Sunday, March 6, 2011

Candy Schiller On Surviving Thyroid Cancer and Trusting Her Instincts

But who will raise my daughter? And my husband?

Candy Schiller remembers that cold jolt of maternal terror with a tearful laugh. The Schillers are close; an earnest, modern-day version of the all-American nuclear family. In the moments following her diagnosis with thyroid cancer, Candy’s thoughts were fixated on her daughter, Caroline, and husband Lonnie. Eighteen years later, the discussion remains less about the cancer she survived than the family it affected.

It’s an unusual conversation for Candy — not in its content, but in its frequency. She speaks of the cancer itself in the abstract, with emotion reserved only for anecdotal remembrances of how it shaped her family life. In the nearly two decades since her diagnosis, Candy, an accomplished restaurateur and multi award-winning interior designer, has rarely broached the subject.

“Sometimes I feel as though I have to apologize for having had thyroid cancer,” she says, knowing that of the cancers she could have developed, hers is among the least lethal. “I don’t mention it, because I don’t feel like what I went through was even worthy of the term [cancer].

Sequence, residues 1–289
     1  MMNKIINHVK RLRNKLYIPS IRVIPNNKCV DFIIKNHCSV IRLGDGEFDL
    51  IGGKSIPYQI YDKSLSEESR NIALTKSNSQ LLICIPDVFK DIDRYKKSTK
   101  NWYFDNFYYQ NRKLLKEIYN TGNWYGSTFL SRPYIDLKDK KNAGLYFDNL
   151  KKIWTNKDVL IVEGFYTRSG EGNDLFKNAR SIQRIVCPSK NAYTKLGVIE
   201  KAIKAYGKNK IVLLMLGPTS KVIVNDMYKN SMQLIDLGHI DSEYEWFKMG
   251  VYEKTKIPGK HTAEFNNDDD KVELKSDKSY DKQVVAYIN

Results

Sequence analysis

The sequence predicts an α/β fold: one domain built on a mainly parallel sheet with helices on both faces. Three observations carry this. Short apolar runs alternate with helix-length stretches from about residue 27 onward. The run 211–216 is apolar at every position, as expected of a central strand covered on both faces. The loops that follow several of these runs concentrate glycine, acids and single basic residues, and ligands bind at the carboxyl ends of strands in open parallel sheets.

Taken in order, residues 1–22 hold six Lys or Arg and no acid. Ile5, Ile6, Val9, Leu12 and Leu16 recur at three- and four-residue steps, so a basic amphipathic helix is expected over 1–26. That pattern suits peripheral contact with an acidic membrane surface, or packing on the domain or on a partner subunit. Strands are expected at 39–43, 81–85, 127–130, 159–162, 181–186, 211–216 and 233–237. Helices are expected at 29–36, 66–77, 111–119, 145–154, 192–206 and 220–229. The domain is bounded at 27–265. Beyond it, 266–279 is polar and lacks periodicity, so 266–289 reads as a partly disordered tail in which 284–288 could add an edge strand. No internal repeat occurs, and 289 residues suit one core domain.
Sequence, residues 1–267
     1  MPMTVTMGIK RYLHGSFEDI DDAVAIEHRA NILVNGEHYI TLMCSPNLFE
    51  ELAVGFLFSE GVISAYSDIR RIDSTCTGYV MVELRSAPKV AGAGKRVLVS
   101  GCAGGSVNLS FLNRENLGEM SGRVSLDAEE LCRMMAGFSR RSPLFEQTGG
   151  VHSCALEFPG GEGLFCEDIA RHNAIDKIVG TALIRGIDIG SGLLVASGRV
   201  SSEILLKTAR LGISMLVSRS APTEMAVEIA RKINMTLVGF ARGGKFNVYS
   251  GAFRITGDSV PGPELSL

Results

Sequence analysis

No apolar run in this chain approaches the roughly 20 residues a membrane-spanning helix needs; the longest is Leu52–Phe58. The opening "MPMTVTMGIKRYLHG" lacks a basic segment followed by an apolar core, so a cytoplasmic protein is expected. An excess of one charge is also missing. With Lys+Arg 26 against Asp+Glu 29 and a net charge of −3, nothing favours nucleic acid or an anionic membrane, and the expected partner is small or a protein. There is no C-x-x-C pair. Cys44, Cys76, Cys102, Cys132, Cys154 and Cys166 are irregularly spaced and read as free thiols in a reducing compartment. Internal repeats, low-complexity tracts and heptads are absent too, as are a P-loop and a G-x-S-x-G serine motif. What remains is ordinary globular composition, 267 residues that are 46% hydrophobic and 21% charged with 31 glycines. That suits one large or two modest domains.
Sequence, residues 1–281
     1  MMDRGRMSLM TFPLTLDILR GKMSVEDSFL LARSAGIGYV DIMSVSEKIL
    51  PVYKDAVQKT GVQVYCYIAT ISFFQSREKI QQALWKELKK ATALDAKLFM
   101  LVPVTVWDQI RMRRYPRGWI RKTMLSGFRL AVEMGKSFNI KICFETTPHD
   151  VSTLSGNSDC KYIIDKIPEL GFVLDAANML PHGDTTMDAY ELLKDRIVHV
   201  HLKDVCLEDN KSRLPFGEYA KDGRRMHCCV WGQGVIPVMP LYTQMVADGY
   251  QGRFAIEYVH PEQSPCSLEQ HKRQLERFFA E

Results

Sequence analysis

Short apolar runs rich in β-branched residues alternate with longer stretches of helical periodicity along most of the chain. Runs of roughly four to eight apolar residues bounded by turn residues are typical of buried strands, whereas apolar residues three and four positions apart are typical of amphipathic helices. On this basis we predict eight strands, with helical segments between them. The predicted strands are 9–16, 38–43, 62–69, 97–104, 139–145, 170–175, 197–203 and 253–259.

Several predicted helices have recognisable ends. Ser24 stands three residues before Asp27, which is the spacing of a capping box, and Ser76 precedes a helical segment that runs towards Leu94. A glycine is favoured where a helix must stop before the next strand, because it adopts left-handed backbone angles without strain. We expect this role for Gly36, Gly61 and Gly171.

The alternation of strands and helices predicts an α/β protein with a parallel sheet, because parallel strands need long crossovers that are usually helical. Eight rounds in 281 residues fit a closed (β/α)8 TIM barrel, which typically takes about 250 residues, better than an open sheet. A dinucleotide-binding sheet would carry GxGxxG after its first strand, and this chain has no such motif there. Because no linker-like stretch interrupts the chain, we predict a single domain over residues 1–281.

"I was lucky in every way a person can be lucky in that situation. I went in healthy; I had the support of friends and family, and I had access to the very best medical care. So many people who deal with cancer aren’t as fortunate.”

It was in January 1993 that Candy first noticed a lump had formed on her upper neck, beneath the right-hand side of her chin.

“I had a sinus infection at the time,” she says. “The infection went away after a couple of months, but the lump stayed. I visited a doctor who told me it was probably nothing and that we should just ‘watch it.’ ”

The Schiller-Del Grande Restaurant Group, in which Candy is a partner with her husband Lonnie (who is also an owner in CultureMap), sister Mimi Del Grande, and brother-in-law Robert Del Grande, had just opened a new restaurant, Rio Ranch. Candy dismissed her deteriorating health, and the curious lump, as bi-products of stress.

Before I was diagnosed, I experienced — now realizing it was low thyroid — situations in which I would hear something funny, and I would say ‘that’s really funny’ but not laugh,” she says with the sort of audible frustration that comes with hindsight. “I had the intellectual reaction, but not the physical, spiritual or emotional reaction. The day I realized that wasn’t normal was when a friend told a long story that was funny, and I kept thinking: This is really funny; I should be laughing.

"The story deserved laughter.”